Dahlias do take some care, but almost any gardener can have healthy dahlias without too much fuss. Dahlia plants come in a wide variety of sizes and shapes. They range in height from 1 to 6 feet, and the flowers vary between 2 and 12 inches across. Dahlias flower in a wide range of colours, and they bloom from early summer until frost.
Find a sunny location. Dahlias prefer a place that has protection from strong winds, and they like to grow in fertile soil that is well-draining. The proper pH level of the soil is 6.0 to 6.5.
Dig up the location, adding 2 to 4 inches of organic matter to the soil, such as compost, pine bark or well-rotted manure. When you this is incorporated into the soil, add 0.907 to 1.81 Kilogram of 8-8-8 or 10-10-10 fertiliser per 100 square feet. If you have a smaller area, add 2 to 4 tbsp of fertiliser per square foot.
Dig a hole that is 8 to 10 inches deep and a little wider than the tuber you are going to plant. To measure the hole, simply lay the tuber in the hole horizontally. With your trowel or shovel, loosen the soil at the bottom of the hole at least 6 more inches, but do not remove the soil. Refill the hole with the amended soil to a depth of 6 inches.
Place the tuber into the hole on its side, with the eyes facing upwards. Cover the tuber with 2 to 3 inches of soil. As the tuber grows, fill in the hole so it becomes even with the rest of the ground. If your dahlias are the tall variety, place a stake at the side of each dahlia hole, so the stake is ready to tie your dahlia to when it becomes taller. For spacing between each plant, consult the package directions of your particular variety of dahlia.
Add 3 to 4 inches of mulch around the dahlia flowers as they grow. This will keep weeds from growing and hold moisture in the soil.
Water your dahlias. Dahlias are heavy drinkers, so the soil needs to stay moist but not soggy. Keeping the soil too wet will cause the tubers to rot.
Pinch the stems back at the terminal bud when the dahlias reach 3 to 4 inches. You can find the terminal bud just above the second set of leaves. This will give your dahlia plant two main stems.
Fertilise the dahlias every month with a water-soluble fertiliser. Do not use a fertiliser that is high in nitrogen. Too much nitrogen will give your dahlias an abundance of leaves but very few flowers.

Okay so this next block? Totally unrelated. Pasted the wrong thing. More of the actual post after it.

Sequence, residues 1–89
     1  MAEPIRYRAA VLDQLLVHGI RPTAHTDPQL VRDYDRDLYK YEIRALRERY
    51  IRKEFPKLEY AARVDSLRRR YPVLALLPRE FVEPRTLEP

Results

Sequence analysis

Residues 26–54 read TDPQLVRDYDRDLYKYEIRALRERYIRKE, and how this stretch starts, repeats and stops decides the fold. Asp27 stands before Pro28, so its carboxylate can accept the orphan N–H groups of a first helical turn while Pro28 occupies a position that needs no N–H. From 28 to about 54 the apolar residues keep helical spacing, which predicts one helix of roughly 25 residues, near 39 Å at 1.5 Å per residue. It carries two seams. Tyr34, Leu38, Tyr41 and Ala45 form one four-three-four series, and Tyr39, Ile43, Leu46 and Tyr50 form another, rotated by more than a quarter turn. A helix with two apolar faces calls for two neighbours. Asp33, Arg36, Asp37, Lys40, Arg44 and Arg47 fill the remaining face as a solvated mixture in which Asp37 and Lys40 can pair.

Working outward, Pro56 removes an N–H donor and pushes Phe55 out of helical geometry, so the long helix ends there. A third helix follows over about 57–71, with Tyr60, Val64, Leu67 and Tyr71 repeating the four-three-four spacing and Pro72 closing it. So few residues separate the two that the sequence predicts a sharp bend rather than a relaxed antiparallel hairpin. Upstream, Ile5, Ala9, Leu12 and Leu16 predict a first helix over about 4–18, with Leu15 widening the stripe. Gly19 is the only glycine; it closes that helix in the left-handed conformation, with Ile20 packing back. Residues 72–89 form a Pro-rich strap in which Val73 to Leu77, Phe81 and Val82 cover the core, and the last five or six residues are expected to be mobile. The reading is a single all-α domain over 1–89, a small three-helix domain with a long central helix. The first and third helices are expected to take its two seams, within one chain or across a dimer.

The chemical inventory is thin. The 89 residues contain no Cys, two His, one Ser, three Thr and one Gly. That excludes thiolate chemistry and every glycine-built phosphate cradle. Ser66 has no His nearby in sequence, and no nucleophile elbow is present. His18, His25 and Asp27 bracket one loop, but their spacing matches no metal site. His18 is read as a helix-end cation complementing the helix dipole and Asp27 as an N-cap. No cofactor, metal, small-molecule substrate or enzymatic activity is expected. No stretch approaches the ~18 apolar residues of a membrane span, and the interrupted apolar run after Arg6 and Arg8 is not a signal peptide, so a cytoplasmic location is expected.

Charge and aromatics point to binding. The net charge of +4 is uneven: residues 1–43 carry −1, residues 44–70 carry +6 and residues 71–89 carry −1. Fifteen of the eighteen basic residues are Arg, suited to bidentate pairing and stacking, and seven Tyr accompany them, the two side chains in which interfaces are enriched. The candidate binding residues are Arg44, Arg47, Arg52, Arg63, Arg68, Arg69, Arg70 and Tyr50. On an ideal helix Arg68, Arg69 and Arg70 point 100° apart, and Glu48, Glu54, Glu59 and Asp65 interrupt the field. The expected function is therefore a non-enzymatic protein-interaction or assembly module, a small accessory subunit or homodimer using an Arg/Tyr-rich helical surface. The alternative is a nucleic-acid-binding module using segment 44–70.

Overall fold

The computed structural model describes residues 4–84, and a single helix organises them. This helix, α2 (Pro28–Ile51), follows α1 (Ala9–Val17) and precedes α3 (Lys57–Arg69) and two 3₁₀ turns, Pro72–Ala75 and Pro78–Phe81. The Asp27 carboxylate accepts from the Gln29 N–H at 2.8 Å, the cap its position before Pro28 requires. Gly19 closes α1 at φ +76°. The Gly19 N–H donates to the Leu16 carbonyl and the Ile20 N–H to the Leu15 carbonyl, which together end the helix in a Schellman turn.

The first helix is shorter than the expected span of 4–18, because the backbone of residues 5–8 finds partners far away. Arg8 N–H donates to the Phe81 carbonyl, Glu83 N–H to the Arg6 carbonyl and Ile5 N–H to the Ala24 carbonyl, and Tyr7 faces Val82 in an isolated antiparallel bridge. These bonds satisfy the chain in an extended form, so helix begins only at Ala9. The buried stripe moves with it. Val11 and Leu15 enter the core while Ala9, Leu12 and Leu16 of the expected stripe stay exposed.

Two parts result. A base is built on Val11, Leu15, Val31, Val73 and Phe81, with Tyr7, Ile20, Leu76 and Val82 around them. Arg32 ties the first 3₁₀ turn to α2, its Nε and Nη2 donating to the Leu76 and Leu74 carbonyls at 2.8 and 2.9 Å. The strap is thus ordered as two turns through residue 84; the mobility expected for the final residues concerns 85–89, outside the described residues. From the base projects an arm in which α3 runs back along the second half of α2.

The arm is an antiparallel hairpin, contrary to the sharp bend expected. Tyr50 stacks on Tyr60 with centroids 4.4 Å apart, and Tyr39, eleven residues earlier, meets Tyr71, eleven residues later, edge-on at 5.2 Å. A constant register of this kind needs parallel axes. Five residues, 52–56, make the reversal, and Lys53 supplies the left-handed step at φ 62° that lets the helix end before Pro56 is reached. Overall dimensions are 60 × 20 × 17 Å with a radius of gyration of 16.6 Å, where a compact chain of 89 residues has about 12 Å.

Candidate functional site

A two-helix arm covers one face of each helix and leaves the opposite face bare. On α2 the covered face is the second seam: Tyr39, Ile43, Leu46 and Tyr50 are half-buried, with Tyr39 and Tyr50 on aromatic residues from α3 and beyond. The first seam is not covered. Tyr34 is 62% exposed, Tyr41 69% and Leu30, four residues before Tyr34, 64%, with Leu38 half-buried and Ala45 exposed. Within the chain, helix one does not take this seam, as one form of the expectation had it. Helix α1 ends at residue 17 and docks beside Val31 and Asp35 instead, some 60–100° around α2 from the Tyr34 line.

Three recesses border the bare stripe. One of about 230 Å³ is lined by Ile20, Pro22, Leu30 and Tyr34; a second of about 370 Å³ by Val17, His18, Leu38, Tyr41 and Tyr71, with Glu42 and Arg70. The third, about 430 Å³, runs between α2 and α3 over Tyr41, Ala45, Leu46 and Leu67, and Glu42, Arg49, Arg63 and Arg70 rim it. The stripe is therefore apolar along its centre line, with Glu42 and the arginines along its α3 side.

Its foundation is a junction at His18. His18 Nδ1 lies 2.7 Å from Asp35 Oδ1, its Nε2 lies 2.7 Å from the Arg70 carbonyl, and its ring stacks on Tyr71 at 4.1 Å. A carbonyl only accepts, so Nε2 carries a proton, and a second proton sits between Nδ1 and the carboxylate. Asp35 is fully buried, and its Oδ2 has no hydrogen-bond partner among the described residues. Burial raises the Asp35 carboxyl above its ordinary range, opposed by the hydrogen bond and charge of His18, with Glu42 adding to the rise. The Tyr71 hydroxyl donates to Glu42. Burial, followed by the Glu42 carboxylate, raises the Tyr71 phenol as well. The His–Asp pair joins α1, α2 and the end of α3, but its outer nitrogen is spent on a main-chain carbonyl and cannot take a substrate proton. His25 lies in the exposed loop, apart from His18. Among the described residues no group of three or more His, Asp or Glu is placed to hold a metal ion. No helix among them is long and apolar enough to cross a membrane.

Remove the flower buds that appear on each side of the leader bloom. Dahlias bloom with three buds in a row. Leaving the middle bloom, pinch off the other two at the base of the leaf axil. This will give you a bigger flower. If you have the types of dahlias with smaller flowers, do not remove the blooms.
Dig the dahlia tubers out of the ground if you live in a zone below 8. Wait until after the first killing frost, and cut the foliage back so it is 2 to 4 inches above the ground. Begin digging at least a foot away from the centre of the plant to prevent spearing the tuber root. Gently brush the soil off the tubers.
Place the tubers on a screen for proper ventilation. Leave the tubers to cure in a shady place for 2 to 3 days.
Pack the tubers upside down in a ventilated box. Cover the tubers with vermiculite, perlite or peat moss that you have dampened with water. Store the tubers in a place that stays between 1.67 and 10 degrees C.
If the tubers are large, plant them two weeks before the last expected frost date. If the tubers are small, plant when all danger of frost is past. Check the tubers during their winter storage. If they are shrivelling, spray them lightly with water. If eyes on the dahlia tuber are not evident, simply place the tubers in moist leaf mould, peat, or soilless mix. A week or two later, the eyes on the tubers will appear
Tips and warnings
- If the tubers are large, plant them two weeks before the last expected frost date. If the tubers are small, plant when all danger of frost is past.
- Check the tubers during their winter storage. If they are shrivelling, spray them lightly with water.
- If eyes on the dahlia tuber are not evident, simply place the tubers in moist leaf mould, peat, or soilless mix. A week or two later, the eyes on the tubers will appear
Things you need
- Spade or rototiller
- Compost, pine bark or well-rotted manure
- Fertiliser 8-8-8 or 10-10-10
- Sharp scissors
- Ventilated box
- Vermiculite, perlite or peat moss